Non-hydrostatic modeling of exchange flows across complex geometries

Mehmet Ilicak, Tamay M. Özgökmen, Emin Özsoy, Paul F. Fischer

Research output: Contribution to journalArticle

27 Scopus citations

Abstract

Flows between ocean and marginal sea basins are often connected by narrow channels and shallow sills. In this study, we address the effect of lateral and vertical geometric constrictions on mixing and hydraulic control. We conduct a set of numerical experiments of the lock-exchange problem in the presence of lateral and vertical contractions. Large eddy simulations (LES) are carried out using the high-order non-hydrostatic spectral element model Nek5000. A spanwise-averaged 2D non-hydrostatic model, denoted SAM, is also employed. Comparison between 2D and 3D models are conducted on the basis of the shape of the density interface and the time evolution of the background potential energy that quantifies the cumulative effects of the stratified mixing in the system. LES indicates that an S-shaped channel induces the highest amount of mixing possibly due to the additional shears caused by the centrifugal force. Vertical and horizontal constrictions enhance mixing by the trapping and breaking of the internal waves in between the obstacles. On the other hand, vertical and horizontal constrictions overlapping with each other restrain the rate of the exchange flow, reduce vertical shears and the mixing. The lowest mixing is encountered in a {n-ary logical or}-shaped channel. It is also found that SAM appears to be accurate in identifying the hydraulic control points due to both horizontal and vertical constrictions. A good agreement is found between SAM and inviscid two-layer theory regarding the steady-state location of the density interface. However SAM overestimates mixing with respect to LES since overturning eddies tend to merge in 2D, while they break down into smaller scales in 3D. SAM is then further tested a realistic application to model the flow in the Bosphorus Strait. Here, the main challenges of using SAM revolved around a non-trivial reduction of 3D geometry to a 2D mapping function, and excessive diffusion with simple closures. The realism of SAM improves significantly using a comprehensive turbulence closure of Very Large Eddy Simulation, VLES. In conclusion, exchange flows in narrow straits pose significant computational challenges due to the details of domain geometry and their impact on mixing. SAM with the VLES turbulence closure appears to be an attractive modeling tool for a first-order assessment of dynamical problems involving mixing and hydraulic effects.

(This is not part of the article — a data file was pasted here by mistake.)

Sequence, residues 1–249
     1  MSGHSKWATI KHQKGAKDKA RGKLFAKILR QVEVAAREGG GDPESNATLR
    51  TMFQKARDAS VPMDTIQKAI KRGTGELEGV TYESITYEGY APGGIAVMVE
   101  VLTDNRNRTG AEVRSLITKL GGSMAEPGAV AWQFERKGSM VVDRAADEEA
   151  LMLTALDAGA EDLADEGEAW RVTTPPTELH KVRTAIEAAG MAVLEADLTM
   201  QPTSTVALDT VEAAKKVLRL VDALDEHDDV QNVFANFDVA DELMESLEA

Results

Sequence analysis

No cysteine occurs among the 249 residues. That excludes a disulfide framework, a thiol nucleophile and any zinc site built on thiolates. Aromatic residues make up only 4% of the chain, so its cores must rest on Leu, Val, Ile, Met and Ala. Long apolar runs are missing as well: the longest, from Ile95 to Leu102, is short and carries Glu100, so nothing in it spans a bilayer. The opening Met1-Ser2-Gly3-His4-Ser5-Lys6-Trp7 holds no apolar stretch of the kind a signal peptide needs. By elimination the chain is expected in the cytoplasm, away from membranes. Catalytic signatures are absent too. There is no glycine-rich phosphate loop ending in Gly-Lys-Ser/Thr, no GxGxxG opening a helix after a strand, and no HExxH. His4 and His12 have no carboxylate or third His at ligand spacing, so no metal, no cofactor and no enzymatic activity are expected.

Original languageEnglish (US)
Pages (from-to)159-175
Number of pages17
JournalOcean Modelling
Volume29
Issue number3
DOIs
StatePublished - Jun 3 2009

Keywords

  • Bosphorus strait flow
  • Exchange flows
  • Hydraulic control
  • VLES

ASJC Scopus subject areas

  • Computer Science (miscellaneous)
  • Oceanography
  • Geotechnical Engineering and Engineering Geology
  • Atmospheric Science

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